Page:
EU leaders back precautionary principle

Heads of government urge its adoption throughout the EU, in international treaties

A resolution on the precautionary principle adopted by EU heads of government at their weekend summit in Nice is more progressive than positions taken by either the European Commission or the European Parliament, according to an environmental NGO. Heightened public concerns over genetically modified organisms and BSE could be behind this unusual development, says Christian Hey of coalition group the European Environmental Bureau (EEB).

The resolution responds to a European Commission communication issued early this year proposing guidelines for using the precautionary principle (ENDS Daily 2 February). The European Parliament looks set to propose few changes to the document (ENDS Daily 23 November), which environmental groups have strongly criticised (ENDS Daily 3 February).

In common with the parliament, EU leaders support many of the Commission's proposed principles for when and how the precautionary principle should be invoked. However, their text introduces several new nuances.

One ongoing battle over the precautionary principle concerns how complete the scientific data needs to be before risk management decisions can be sparked. The Commission stresses that, even though comprehensive risk assessments are not always possible, "all effort" should be made to achieve them.

EU leaders' emphasis is different, stating simply that while scientific assessment should proceed logically from hazard identification to hazard characterisation, appraisal of exposure and risk characterisation, "it may not always be possible to complete every stage systematically" owing to insufficient data or the nature or urgency of the risk.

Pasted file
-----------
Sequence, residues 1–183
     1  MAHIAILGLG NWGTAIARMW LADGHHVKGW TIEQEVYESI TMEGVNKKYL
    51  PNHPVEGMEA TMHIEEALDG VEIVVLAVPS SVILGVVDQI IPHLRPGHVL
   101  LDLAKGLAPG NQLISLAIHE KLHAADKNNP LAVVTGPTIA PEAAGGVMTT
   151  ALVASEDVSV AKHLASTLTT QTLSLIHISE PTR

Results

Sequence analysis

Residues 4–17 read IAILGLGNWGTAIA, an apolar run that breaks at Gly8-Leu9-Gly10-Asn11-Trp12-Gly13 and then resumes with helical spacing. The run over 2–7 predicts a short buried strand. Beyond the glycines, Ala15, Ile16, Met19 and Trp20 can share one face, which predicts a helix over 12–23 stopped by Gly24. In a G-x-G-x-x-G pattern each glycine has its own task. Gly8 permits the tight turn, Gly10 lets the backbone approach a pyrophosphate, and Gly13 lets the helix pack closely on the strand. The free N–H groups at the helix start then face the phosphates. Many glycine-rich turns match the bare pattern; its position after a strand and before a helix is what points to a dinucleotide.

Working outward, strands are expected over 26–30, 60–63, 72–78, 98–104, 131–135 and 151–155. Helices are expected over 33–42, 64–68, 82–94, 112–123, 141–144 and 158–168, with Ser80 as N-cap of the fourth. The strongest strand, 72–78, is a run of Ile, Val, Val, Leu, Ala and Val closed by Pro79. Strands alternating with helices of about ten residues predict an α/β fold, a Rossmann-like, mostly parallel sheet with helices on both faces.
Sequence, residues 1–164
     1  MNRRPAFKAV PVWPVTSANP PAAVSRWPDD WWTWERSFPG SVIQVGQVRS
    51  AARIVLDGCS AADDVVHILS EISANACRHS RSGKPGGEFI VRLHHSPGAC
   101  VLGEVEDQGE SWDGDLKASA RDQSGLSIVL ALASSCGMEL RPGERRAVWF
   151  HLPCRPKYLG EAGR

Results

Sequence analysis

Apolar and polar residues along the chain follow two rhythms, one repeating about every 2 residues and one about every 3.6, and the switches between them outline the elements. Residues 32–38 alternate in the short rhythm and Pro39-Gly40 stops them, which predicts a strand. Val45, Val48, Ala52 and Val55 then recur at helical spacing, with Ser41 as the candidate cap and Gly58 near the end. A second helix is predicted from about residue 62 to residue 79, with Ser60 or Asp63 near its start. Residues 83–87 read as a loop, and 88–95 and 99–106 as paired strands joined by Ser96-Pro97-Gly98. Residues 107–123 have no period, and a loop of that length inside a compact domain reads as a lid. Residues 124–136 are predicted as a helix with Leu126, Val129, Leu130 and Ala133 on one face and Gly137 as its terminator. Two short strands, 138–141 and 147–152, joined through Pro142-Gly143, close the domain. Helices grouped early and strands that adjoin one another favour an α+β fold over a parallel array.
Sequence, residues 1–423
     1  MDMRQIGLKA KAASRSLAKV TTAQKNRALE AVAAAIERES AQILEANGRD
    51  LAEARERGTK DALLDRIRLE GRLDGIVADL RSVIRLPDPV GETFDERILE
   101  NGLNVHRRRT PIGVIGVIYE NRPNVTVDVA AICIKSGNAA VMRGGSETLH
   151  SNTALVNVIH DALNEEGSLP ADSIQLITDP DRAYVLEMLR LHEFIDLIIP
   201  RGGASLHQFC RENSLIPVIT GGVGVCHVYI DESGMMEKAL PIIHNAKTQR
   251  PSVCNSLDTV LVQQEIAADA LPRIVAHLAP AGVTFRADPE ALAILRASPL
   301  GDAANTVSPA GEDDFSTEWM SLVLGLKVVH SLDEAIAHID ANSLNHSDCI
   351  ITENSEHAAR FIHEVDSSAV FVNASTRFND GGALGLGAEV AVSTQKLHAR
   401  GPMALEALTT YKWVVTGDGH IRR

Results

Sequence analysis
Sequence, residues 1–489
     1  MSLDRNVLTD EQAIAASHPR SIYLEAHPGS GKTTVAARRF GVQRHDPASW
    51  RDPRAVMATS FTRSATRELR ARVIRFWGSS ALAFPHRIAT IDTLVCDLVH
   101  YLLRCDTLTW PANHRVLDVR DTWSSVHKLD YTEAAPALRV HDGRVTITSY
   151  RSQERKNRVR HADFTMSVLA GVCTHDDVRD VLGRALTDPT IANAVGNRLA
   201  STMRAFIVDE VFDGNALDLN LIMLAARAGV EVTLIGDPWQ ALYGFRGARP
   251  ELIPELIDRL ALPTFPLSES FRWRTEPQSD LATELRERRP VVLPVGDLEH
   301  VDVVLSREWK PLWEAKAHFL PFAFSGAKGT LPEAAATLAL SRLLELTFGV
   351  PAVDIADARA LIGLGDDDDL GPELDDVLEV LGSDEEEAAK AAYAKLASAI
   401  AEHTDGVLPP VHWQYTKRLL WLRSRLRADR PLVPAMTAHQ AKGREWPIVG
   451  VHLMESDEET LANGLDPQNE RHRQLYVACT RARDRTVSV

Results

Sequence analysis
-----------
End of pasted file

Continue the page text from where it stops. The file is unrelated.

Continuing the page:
The Nice resolution also opens up the possibility of greater civil society participation during risk assessments, stressing that these should be "multidisciplinary, independent and transparent" and ensure that "all views are heard". The resolution goes on to stress that any examination of the costs and benefits of action or inaction should take account not only of social and environmental costs, but also of the "public acceptability" of the different options.

EU leaders touch on several other environmental issues in the presidency conclusions to which the precautionary principle resolution is attached. They call for agreement as soon as possible on the European Commission's first "post-Erika packet" of proposals to improve maritime safety. On climate change, they support a plan for informal talks to be held in Oslo before the end of the year. They also "note with interest" ongoing work by sectoral Council of Ministers' formations on integrating environmental considerations, as well as work on strengthening mechanisms for international environmental governance.

Follow Up:
EU Council of Ministers, tel: +32 2 285 6111, and Nice summit presidency conclusions with resolution on precautionary principle at annex III. See also Commission precautionary principle communication.

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